Annals of Behavioral Medicine

, Volume 41, Issue 1, pp 13–20

Education and Levels of Salivary Cortisol Over the Day in US Adults

Authors

    • School of Public Health, Hunter CollegeCity University of New York (CUNY)
    • CUNY Institute for Demographic Research (CIDR)
  • Nalini Ranjit
    • School of Public HealthUniversity of Texas
    • Michael and Susan Dell Center for Advancement of Healthy Living
  • D. Phuong Do
    • Department of Health Services Policy and Management, Arnold School of Public HealthUniversity of South Carolina
  • Elizabeth A. Young
    • Department of PsychiatryUniversity of Michigan
  • James S. House
    • Institute for Social ResearchUniversity of Michigan
  • George A. Kaplan
    • Center for Social Epidemiology and Population HealthSchool of Public Health-University of Michigan
    • Department of Epidemiology, School of Public HealthUniversity of Michigan
Original Article

DOI: 10.1007/s12160-010-9224-2

Cite this article as:
Dowd, J.B., Ranjit, N., Do, D.P. et al. ann. behav. med. (2011) 41: 13. doi:10.1007/s12160-010-9224-2

Abstract

Background

Dysregulation of the hypothalamic–pituitary–adrenal axis is hypothesized to be an important pathway linking socioeconomic position and chronic disease.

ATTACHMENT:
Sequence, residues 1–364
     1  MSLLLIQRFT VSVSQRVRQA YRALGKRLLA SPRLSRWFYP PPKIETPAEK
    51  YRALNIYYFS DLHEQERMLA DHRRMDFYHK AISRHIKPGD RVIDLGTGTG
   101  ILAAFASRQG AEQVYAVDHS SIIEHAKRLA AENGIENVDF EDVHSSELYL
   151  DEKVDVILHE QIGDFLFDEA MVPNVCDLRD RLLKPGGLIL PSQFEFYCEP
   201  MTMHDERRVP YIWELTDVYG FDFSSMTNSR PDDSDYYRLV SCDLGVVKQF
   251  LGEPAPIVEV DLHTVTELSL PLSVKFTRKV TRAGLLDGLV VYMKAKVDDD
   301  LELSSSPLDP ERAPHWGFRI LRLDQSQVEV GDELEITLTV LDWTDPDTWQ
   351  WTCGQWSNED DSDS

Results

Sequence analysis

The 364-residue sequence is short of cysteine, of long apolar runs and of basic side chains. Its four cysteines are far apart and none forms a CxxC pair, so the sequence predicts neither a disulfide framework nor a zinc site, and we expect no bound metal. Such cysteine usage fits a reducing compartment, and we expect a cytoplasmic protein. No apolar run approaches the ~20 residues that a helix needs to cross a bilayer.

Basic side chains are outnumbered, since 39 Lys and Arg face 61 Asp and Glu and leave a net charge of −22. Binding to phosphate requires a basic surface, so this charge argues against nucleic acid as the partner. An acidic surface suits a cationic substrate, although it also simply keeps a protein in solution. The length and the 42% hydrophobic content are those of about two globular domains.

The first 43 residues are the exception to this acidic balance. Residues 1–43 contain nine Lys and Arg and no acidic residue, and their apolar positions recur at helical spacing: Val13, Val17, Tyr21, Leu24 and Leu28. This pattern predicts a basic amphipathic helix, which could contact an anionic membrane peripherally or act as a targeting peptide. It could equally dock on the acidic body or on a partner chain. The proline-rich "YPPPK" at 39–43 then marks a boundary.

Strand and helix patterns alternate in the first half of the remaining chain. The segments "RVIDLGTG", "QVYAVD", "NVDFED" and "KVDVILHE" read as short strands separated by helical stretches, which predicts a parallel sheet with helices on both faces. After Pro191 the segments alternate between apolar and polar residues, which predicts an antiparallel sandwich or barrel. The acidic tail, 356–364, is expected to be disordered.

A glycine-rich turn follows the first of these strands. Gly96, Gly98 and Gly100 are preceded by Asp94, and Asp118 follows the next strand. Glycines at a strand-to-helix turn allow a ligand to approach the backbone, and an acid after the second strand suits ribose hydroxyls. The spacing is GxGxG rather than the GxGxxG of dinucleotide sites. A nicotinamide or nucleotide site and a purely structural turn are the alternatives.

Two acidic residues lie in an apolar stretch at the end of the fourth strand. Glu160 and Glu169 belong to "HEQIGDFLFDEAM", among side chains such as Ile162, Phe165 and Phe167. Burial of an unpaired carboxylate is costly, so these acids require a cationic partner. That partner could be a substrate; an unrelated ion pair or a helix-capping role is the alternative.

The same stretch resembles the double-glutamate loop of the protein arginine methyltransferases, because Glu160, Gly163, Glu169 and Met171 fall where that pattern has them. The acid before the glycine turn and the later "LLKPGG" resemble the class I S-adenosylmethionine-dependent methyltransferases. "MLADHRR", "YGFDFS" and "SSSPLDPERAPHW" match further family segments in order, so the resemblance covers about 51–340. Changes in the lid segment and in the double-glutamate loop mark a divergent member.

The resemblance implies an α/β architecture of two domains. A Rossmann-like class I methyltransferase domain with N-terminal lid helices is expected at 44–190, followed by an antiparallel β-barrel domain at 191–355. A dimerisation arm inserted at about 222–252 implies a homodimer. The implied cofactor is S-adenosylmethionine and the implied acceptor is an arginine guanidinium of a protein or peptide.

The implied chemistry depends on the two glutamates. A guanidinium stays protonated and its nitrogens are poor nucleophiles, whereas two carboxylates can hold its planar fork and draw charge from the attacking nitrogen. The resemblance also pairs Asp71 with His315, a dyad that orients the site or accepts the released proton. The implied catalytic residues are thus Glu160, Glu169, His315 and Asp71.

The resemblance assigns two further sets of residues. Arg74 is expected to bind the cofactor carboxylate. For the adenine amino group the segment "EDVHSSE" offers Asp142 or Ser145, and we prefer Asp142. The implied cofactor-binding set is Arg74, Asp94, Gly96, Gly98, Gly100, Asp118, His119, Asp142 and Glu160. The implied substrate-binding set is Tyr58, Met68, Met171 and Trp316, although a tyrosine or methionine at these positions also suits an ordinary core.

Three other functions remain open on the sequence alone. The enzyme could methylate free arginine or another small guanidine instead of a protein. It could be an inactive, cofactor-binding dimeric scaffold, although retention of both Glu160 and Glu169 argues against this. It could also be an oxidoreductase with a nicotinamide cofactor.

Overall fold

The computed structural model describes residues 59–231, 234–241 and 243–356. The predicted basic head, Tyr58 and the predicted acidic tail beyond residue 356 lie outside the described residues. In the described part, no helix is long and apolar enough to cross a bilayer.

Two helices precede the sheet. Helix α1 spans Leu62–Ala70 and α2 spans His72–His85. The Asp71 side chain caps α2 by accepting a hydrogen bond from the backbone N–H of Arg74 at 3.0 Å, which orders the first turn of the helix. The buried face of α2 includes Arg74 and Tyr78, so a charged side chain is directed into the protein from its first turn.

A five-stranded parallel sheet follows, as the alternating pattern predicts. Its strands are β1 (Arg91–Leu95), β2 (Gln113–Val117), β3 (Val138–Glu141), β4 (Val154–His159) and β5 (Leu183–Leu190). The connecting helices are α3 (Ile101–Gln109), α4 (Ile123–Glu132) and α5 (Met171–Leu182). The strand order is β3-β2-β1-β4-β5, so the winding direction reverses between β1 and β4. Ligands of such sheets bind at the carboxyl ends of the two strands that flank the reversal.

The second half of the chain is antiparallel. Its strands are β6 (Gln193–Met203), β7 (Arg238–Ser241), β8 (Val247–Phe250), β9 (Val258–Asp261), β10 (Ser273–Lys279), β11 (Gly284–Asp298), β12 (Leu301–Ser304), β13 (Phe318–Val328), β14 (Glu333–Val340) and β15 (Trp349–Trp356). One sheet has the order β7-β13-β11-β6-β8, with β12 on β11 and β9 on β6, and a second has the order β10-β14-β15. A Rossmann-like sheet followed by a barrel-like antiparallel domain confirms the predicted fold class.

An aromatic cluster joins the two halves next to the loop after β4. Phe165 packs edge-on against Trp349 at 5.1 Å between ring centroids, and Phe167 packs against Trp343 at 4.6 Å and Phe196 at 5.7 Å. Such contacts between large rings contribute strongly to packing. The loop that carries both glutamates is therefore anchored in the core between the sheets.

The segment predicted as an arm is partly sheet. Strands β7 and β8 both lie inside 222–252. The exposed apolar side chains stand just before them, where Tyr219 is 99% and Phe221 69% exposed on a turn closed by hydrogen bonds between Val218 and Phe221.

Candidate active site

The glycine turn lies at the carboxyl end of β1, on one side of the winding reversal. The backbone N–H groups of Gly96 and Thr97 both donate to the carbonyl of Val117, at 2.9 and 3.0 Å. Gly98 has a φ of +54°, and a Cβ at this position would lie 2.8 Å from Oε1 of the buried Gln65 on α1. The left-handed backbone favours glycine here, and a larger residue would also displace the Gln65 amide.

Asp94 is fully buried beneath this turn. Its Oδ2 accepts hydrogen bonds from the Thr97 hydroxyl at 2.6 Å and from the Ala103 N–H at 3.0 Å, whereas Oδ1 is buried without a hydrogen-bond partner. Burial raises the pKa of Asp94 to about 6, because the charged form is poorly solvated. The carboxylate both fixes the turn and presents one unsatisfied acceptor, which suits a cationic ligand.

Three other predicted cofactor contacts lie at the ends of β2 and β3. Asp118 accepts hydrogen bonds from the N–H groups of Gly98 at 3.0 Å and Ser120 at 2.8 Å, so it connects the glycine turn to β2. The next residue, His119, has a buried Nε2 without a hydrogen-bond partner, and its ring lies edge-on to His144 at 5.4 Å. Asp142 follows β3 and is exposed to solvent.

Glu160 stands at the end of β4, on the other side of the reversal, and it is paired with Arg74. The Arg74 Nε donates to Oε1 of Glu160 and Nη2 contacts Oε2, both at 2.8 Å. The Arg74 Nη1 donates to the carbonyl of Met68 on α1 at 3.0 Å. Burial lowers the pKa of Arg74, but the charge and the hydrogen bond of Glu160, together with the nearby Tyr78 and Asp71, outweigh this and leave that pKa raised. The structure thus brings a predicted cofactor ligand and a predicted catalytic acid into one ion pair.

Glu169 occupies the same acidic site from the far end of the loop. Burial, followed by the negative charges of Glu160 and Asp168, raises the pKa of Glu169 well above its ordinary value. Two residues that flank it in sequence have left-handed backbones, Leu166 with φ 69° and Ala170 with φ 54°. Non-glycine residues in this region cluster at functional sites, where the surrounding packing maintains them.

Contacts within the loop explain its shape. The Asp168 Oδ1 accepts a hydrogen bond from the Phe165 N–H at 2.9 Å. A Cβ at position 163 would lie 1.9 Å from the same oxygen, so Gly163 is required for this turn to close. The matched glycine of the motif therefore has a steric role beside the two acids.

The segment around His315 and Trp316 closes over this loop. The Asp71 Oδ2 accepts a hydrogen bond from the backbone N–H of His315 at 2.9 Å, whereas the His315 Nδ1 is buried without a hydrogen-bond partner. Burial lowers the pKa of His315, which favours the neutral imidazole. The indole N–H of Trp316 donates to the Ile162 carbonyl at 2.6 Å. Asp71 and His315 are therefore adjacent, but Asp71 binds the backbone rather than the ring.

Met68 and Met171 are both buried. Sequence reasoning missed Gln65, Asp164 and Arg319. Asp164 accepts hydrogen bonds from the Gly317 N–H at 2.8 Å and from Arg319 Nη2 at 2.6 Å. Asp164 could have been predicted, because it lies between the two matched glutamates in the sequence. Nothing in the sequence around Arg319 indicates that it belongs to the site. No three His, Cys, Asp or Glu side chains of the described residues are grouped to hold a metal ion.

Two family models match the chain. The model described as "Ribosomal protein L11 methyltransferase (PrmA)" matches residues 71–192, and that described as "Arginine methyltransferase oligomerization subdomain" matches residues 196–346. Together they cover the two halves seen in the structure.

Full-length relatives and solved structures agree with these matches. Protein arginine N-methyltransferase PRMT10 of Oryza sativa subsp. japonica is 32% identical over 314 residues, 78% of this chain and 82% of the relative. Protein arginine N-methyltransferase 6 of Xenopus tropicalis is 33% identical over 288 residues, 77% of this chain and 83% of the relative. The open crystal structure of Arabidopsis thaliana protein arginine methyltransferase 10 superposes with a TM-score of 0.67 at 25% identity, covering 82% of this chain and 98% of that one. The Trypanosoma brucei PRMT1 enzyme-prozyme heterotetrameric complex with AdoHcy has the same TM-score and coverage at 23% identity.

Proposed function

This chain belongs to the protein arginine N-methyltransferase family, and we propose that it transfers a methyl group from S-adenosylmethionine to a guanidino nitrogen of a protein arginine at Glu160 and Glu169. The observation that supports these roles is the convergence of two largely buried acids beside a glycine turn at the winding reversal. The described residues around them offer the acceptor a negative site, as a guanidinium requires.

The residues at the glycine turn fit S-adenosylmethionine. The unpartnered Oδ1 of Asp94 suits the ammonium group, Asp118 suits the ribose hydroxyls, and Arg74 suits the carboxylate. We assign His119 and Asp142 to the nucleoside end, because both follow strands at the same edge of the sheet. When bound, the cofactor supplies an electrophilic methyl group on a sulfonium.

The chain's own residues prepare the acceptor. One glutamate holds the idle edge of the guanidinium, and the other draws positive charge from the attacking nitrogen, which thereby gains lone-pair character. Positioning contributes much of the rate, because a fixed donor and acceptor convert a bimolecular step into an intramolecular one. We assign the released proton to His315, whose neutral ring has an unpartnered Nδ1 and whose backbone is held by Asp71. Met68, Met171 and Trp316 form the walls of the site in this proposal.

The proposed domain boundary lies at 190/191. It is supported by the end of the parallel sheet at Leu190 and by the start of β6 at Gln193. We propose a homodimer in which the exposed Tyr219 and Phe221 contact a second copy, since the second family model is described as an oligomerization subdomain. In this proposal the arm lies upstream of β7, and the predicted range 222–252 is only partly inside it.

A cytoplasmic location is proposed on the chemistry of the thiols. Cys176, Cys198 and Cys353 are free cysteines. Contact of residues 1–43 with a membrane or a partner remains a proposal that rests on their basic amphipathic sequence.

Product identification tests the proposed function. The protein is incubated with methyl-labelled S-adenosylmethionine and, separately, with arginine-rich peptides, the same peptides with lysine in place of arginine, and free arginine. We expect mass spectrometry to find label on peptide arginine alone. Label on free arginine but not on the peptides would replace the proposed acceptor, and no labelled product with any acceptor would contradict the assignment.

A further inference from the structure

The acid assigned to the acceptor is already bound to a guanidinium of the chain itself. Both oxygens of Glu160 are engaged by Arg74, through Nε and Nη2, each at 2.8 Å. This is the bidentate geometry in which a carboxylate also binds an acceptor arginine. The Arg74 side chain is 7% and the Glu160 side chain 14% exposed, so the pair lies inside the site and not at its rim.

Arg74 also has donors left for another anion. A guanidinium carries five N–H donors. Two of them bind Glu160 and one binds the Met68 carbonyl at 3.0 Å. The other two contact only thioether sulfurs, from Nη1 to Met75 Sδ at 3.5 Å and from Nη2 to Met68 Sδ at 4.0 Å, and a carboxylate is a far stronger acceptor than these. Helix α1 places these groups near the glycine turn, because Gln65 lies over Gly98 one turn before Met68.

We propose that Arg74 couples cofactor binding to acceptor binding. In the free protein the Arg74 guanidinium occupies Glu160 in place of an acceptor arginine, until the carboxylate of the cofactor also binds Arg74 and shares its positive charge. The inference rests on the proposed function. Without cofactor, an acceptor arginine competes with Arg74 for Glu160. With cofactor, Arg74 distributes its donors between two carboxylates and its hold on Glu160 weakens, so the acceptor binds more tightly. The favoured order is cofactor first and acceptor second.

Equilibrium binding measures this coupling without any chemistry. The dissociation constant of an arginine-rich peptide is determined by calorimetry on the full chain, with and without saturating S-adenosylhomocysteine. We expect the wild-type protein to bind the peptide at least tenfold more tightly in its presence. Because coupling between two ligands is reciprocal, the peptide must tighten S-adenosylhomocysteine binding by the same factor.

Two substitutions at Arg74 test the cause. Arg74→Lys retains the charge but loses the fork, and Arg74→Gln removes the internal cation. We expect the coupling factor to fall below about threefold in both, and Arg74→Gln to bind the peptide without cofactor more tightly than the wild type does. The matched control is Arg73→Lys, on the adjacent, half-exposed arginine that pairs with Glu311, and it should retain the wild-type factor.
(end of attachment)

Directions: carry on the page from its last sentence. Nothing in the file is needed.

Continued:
Purpose

This paper tests the association between education and the diurnal rhythm of salivary cortisol.

Methods

Up to eight measures of cortisol (mean of 5.38 per respondent) over 2 days were obtained from 311 respondents, aged 18–70, drawn from the 2001–2002 Chicago Community Adult Health Study. Multi-level models with linear splines were used to estimate waking level, rates of cortisol decline, and area-under-the-curve over the day, by categories of education.

Results

Lower education (0–11 years) was associated with lower waking levels of cortisol, but not the rate of decline of cortisol, resulting in a higher area-under-the-curve for more educated respondents throughout the day.

Conclusions

This study found evidence of lower cortisol exposure among individuals with less education and thus does not support the hypothesis that less education is associated with chronic over-exposure to cortisol.

Keywords

Socioeconomic factors Cortisol Education

Copyright information

© The Society of Behavioral Medicine 2010